Twiddle’s Mihali Savoulidis Joins moe. At Jammed Out Double Billing [Gallery]

first_imgmoe. took things over from there, rocking hard through classic originals “Not Coming Down,” “Wormwood” and “Moth” to open the show. They also welcomed Twiddle guitarist Mihali Savoulidis on the set closer, a jammed out version of “Timmy Tucker.” The band also brought out a special guest for set two, when they welcomed keyboardist Nate Wilson to the stage for “Lazarus,” as well as Traffic’s “Low Spark Of High Heeled Boys.” The jam group closed out the night with a rocking “Captain America.” Load remaining images read more

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Pictures as narrative

first_img“I was fascinated by this idea of an impoverished elite,” Lauren Greenfield told a Harvard crowd last Thursday. The photographer and documentary filmmaker was referring to her College thesis, a series of intimate images that captured the daily lives of French aristocrats who had lost their fortunes.Greenfield ’87 explained that the notion of the once-rich struggling to find their way resonated with her and her experience growing up Los Angeles, where glitz and glamour were the norm and a person’s worth often seemed to be less about deeds than income.“Class was defined exclusively by money.”Greenfield’s powerful senior project helped launch her career. The work drew the attention of National Geographic, where she became an intern, her first step in a career that has included work with The New Yorker, The New York Times Magazine, Le Monde, The Guardian, and Vanity Fair. In 2006, Greenfield made her first feature-length documentary. “Thin,” about patients in a center that treats eating disorders, was distributed by HBO.Greenfield’s return to campus was an entry in the Office for the Arts’ “Harvard JAMS!” series. The sessions connect students and members of the Harvard community with alumni who have made a career in entertainment or the arts.Many of Greenfield’s images seem to echo themes from her youth, and her later reaction to materialism and celebrity. Explorations of beauty, body image, and consumerism have been important aspects of her work.Greenfield concentrated in visual and environmental studies at Harvard and produced her first monograph, “Fast Forward: Growing Up in the Shadow of Hollywood,” a decade after she graduated. The project tracked a mix of privileged and poor students who attended her Los Angeles high school.“I’ve always been interested in documenting people in a cultural context … [and] fascinated by cultural values, cultural identity, and ritual,” she said.The impoverished elite was again the focus of Greenfield’s gaze in her 2012 documentary “The Queen of Versailles.” The film follows a couple as their plans to build a 90,000-square-foot palace in Florida, billed as the largest private home in the United States, grind to a halt amid a faltering economy. Greenfield was praised for her ability to reflect the same fear that flooded the nation — albeit on a larger scale — as millions of Americans struggled to keep their homes.“I do kind of try to show their humanity, so that they are a mirror for us,” she said. “I think that is kind of the point; not criticizing different people, but seeing how they reflect the culture and how that affects us.”Greenfield’s early interest in photography had much to do with her exposure to the work of street photographers of the 1960s and ’70s, especially masters such as Robert Frank and Garry Winogrand, whose pictures, she said, commented on society and revealed “something previously unrevealed.”Her time at Harvard also helped her find her artistic path. Greenfield singled out her former professors Robb Moss, the current chair of Harvard’s Department of Visual and Environmental Studies, and Barbara Norfleet for their inspiration and guidance.“What I see, looking back, is that my work has been a process of going deeper and deeper into the photography and the filmmaking and the sociological and anthropological approach that I was introduced to as an undergrad,” said Greenfield, who is at work on a thematic retrospective examining notions of wealth and the American dream.“In a way, the connection to my undergraduate studies has become more meaningful over the years rather than less. And so I am really grateful for my experience here.”last_img read more

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On the digital transformation journey with GTE Financial’s Brian Best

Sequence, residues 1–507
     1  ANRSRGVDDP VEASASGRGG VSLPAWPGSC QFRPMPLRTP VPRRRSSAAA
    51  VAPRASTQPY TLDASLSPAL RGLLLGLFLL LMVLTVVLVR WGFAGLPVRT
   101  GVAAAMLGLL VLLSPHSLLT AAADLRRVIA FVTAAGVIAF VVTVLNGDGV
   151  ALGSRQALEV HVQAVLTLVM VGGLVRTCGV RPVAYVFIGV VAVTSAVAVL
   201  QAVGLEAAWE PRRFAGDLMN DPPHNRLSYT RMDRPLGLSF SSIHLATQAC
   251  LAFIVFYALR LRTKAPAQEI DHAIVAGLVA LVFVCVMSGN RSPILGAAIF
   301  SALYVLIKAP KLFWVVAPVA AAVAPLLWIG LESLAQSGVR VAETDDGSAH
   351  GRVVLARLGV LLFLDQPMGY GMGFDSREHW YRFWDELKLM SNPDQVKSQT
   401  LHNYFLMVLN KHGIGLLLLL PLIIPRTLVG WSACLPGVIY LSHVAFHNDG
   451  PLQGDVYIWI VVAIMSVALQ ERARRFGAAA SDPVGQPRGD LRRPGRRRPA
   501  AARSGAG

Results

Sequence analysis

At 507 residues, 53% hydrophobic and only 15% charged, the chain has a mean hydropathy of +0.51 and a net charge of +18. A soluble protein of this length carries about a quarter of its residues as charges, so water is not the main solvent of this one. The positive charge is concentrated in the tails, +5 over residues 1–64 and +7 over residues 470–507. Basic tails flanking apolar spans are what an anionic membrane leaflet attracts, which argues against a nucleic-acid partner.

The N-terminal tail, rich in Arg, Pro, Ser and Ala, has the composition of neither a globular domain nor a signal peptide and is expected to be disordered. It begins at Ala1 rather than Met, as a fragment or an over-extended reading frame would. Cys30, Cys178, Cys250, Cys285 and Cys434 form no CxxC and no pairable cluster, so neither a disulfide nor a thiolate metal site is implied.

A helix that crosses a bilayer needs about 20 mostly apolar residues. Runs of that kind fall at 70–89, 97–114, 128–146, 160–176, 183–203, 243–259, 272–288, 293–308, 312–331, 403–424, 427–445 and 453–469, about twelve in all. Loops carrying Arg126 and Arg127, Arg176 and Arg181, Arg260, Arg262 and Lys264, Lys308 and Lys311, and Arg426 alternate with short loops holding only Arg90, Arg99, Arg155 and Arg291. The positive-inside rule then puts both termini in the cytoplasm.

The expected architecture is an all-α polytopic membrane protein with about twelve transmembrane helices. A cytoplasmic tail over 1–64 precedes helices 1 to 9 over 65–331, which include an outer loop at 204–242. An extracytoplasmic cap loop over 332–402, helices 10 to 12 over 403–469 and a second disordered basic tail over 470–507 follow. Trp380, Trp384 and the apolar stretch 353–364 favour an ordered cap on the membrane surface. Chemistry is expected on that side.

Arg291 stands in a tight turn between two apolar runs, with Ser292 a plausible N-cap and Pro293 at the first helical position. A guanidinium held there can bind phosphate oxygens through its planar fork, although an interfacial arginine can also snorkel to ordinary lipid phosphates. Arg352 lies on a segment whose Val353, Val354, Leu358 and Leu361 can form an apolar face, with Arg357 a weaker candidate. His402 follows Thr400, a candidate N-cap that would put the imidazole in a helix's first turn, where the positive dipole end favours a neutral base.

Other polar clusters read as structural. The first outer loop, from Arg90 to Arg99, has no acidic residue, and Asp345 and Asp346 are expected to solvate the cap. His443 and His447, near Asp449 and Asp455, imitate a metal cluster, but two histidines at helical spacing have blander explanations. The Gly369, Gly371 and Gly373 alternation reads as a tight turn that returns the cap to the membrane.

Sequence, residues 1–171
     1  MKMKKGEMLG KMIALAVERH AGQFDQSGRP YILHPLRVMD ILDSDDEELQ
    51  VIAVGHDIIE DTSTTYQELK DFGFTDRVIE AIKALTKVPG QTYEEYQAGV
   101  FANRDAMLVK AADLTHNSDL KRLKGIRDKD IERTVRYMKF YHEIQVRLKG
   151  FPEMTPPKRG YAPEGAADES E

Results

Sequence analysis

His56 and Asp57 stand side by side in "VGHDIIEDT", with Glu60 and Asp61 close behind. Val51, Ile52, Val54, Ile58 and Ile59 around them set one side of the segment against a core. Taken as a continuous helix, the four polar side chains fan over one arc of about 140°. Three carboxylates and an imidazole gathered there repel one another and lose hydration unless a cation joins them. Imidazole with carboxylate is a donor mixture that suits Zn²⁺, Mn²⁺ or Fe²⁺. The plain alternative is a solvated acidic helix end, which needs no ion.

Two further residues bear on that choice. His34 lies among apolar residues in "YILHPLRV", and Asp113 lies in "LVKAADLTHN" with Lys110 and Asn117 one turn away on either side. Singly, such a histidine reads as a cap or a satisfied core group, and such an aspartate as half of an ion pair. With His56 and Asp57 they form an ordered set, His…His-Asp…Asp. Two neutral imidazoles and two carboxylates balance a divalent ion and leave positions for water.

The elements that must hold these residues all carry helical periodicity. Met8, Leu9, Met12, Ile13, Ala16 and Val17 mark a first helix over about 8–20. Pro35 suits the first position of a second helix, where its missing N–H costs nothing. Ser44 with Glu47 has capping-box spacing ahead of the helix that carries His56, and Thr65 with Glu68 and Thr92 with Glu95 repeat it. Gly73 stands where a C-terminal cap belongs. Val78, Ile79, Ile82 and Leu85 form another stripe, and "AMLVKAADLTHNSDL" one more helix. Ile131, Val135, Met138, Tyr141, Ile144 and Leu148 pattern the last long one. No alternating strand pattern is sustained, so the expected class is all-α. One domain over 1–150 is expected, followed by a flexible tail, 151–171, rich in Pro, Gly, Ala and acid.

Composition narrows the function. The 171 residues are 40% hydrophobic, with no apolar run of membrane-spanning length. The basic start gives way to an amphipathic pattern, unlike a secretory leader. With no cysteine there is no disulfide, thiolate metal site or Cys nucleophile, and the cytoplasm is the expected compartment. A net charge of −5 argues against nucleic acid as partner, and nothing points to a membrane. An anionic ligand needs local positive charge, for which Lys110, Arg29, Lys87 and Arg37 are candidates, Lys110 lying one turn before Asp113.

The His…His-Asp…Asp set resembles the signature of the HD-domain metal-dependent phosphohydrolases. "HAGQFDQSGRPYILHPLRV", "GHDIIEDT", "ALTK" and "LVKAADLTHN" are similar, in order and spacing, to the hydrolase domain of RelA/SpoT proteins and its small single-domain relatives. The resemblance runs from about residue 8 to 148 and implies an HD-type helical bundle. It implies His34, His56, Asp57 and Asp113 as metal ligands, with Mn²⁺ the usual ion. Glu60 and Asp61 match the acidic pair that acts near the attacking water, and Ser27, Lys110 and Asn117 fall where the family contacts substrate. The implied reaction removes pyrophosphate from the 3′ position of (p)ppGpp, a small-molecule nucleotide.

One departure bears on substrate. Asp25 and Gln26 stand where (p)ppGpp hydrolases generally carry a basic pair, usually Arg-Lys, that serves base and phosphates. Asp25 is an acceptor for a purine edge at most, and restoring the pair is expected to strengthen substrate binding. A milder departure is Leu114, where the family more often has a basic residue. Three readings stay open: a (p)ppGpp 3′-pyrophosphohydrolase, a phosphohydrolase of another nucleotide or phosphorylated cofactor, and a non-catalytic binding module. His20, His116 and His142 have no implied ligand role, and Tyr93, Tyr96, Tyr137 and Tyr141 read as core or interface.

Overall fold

first_imgIt was mid 2016 when Brian Best was handed the top job at GTE Financial in Tampa FL and he’s been charging ahead since.  With over $2 billion in assets GTE Financial is among the nation’s biggest but as CEO Best is busy remaking the institution for the contemporary age.Resting on laurels is not how he sees his job.He said that a lot of his drive to remake GTE Financial grows out of the recognition that it’s in a different position.  He elaborated: “In our community, Tampa Bay – we have a lot of Millennials. 51% of our members are Millennials.  And they really like digital. They like the ease of access. We believe they also like brick and mortar.  But we know we need good digital.”Best dated the start of GTE Financial’s Digital Transformation back to 2015  – he was chief experience officer then – and, he said, the institution’s aim has been to win member loyalty with superior experiences. “We want to make sure our experiences are beneficial to our members. Experiences are what differentiate an institution. Products don’t.”Said Best: “We are 100% focused on what the member experience looks like.”Think about that.  Most financial institutions offer roughly the same products and – hype aside – there often isn’t much that distinguishes the basic products at one institution from those at another. At GTE Financial Best is driven to go beyond the basics and drill into what – really – will captivate members.  That’s at the heart of this digital transformation.Best said a continuing obstacle is that third party vendors “don’t want to give up control of their APIs,” that is, their Application Protocol Interface, which enables communication with the program.  Many tech vendors jealously guard their APIs and, although that is understandable, it also complicates the job of an institution that is seeking to give members a unified experience. Best added that many vendors also don’t get that “we want to give our members a different experience” – meaning that GTE Financial does not want to settle for the same off the shelf tool kit that is in use in dozens, maybe hundreds of financial institutions.“What should digital transformation look like,” Best went on. “We believe a member should be able to access – easily – key information in their accounts.” He pointed to an amortization table as a case in point.  Loan customers should be able to easily access it – that table is crucial to seeing ahead with a loan – but doing so just isn’t ways easy.None of these changes are simple and many aren’t quick. Best said, “Our main competition is ourself.  We have every big bank in Tampa. They are throwing money at digital transformation but their experiences aren’t that great.”He added: “Our true competition is the Amazons, the digital payments landscape.  If we don’t live in that world we’ll lose touch with the future. It will be ugly for us if Amazon gets into the banking world.”“Much like Amazon, the experience needs to be intimate even when it is digital. The artificial intelligence has to really understand what the member is looking for.”“We want to create real intimacy in the virtual environment.”Read that again. What Best is saying is that the companies that are winning succeed in combining great digital with genuine intimacy and personalization.  Getting there just may be critical.Best nonetheless said he is very optimistic, about the future for GTE Financial in particular and for credit unions in general.  “Credit unions have always put the person first – that’s why I started working for credit unions. Night and day difference between our culture and at the banks where I worked. Banks have a different mission. Credit unions will persevere because of that focus. If we lose that focus we have risk.”He also shared a valuable tip. Just about every day GTE Financial gets 100 new members. What produces that steady stream?  Best thought about that before he answered.Here is what he said: “It’s mostly word of mouth. We put a lot of effort into philanthropic givingWe provide $500,000 to $700,000 annually to a lot of non profits in Tampa. We average two financial literacy workshops a day. Word of mouth increases through the right activities. If you are doing the right things, word of mouth happens quickly.”He continued: “70% of the time new members tell us they really like how we support the community.They have a good feeling about where they are putting their money when they open an account with us.”Can you say similar? Do your members? 3SHARESShareShareSharePrintMailGooglePinterestDiggRedditStumbleuponDeliciousBufferTumblr,Robert McGarvey A blogger and speaker, Robert McGarvey is a longtime journalist who has covered credit unions extensively, notably for Credit Union Times as well as the New York Times and TheStreet, … Web: Detailslast_img read more